On his first day as a Raven last year, still dressed in a suit after inking his contract and an introductory press conference, Eric Weddle briefly chatted with Ravens Director of Performance Steve Saunders about his training regimen.
Saunders asked whether Weddle wanted to get an introduction to the program the next day, but Weddle had a 10:30 a.m. flight back to California.
"Look, man, I'm an early guy. I wake up at 4 a.m. every day," Saunders recalls saying. "If you want, I'll pick you up at your hotel at 5:30."
Weddle was in, and that was the start of a relationship that produced big results for the Ravens last season. In Saunders' first year in Baltimore, Weddle was one of his poster boys. This season, the goal is to have a whole team of Weddles.
As part of this year's coaching changes, Saunders has been given the reins* *to the Ravens' entire performance department.
Last year, he was in charge of the conditioning and recovery program, but players had the choice of using*his strength program or sticking *with the old workout. Saunders said he had about 15-20 converts.
"I felt like I could've helped more guys last year," Saunders said. "Now everybody has to do it. There's nowhere for anybody to hide anymore. The guy that liked to hide on the leg press, those days are long gone."
The Ravens reached a record 20 players on injured reserve (IR) in 2015. They had 19 players on IR the year before. Thus, Head Coach John Harbaugh brought in Saunders, the founder of Power Train Sports Institute, to overhaul and innovate in the injury prevention/recovery phase.
Last year, Baltimore had far fewer injuries. The Ravens' biggest injuries were to left tackle Ronnie Stanley (four games, foot), cornerback Jimmy Smith (five games, back/ankle), guard Marshal Yanda (three games, shoulder), outside linebacker Elvis Dumervil (eight games, Achilles)* *and tight end Benjamin Watson (full season, Achilles).
"Between the IR and missed games, it can have such a huge impact," Saunders said. "I had a good impact last year; it was a good start. Now I get to do the strength, the speed, everything with the guys. I'm really excited about this year."
On top of continuing to prevent injuries, Saunders now wants to make the Ravens much more physically impressive – faster, stronger, more explosive – on the field.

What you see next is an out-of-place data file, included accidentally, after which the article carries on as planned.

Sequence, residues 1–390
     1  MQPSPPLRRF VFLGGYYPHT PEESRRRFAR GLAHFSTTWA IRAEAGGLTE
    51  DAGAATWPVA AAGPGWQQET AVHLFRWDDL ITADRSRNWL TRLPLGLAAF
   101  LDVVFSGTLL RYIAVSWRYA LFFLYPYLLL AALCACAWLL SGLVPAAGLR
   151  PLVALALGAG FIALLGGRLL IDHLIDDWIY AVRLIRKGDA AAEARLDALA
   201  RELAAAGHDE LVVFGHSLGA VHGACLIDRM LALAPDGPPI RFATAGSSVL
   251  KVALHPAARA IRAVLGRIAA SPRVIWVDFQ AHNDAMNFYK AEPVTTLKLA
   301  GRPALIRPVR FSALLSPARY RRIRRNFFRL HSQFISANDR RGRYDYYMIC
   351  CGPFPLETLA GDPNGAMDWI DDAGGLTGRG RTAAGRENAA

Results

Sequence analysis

Many players were stunned by the intensity of Saunders' conditioning program last year when they returned from their offseason breaks. This year, it's going to be another round of shock in the weight room.
"The guys that haven't done my strength program are in for a rude awakening," Saunders said. "We're going to have some sore puppies walking around here the first couple weeks in April."
Saunders has removed 40 machines in the Ravens weight room, and more will probably go. He says his program is going to be a lot more intense, with longer holds, more reps and more explosive movements. Saunders said he's "revamping the entire strength program."
"My program is based on whether it transfers to the field," he said. "What are the muscle imbalances? What's holding a guy back? It's getting them strong for football and not just strong on a machine. That's a big difference."
Along with Weddle, some of Saunders' believers last year included quarterback Joe Flacco (bounced back from a season-ending knee injury to play all 16 games), fullback Kyle Juszczyk (first Pro Bowl), tight end Dennis Pitta (led all NFL tight ends in receptions after nearly two years away from football), kicker Justin Tucker (Pro Bowl), inside linebacker Zachary Orr, wide receiver Mike Wallace, safety Lardarius Webb and Dumervil.
A key piece of Saunders' methods is tailoring workouts for each individual* *player. There will also be more focus on lifting during the season.
"I pushed the guys a lot more, but I pushed them in a smart way," Saunders said. "These guys want that. There's a buy-in from the athletes, in that they believe in this and want to get better each time.
"Guys want an individualized program too. They don't want to see 50 guys all doing the same thing, because everyone has different needs at the end of the day."
Weddle worked out with Saunders every morning during the season. After practice, they did rehabilitation work. As crazy as it might sound, Weddle's body tested stronger at the end of the season than the beginning.
At 32 years old, Weddle said it's the healthiest he's ever finished a season. And Saunders is a big reason why he talks about 2017 being his best yet.
"A lot of credit for the way I played and how my body held up goes to Steve – the time and energy he spent with me, and the program he gave me for my specific body type," Weddle said. "He's going to make our team 10 times better than it's ever been."
Saunders made a name for himself working with Pittsburgh Steelers outside linebacker James Harrison, who is still playing at a high level at 38. He has personally trained hundreds of NFL, NHL, MLB and NBA athletes.
Now Saunders is transferring all he knows solely to the Ravens, and he can't be more excited.
"It's going to pay huge dividends on the field," he said. "I want other teams to walk out and be like, 'Holy [crap], did you see those guys?' I want to have an imposing team."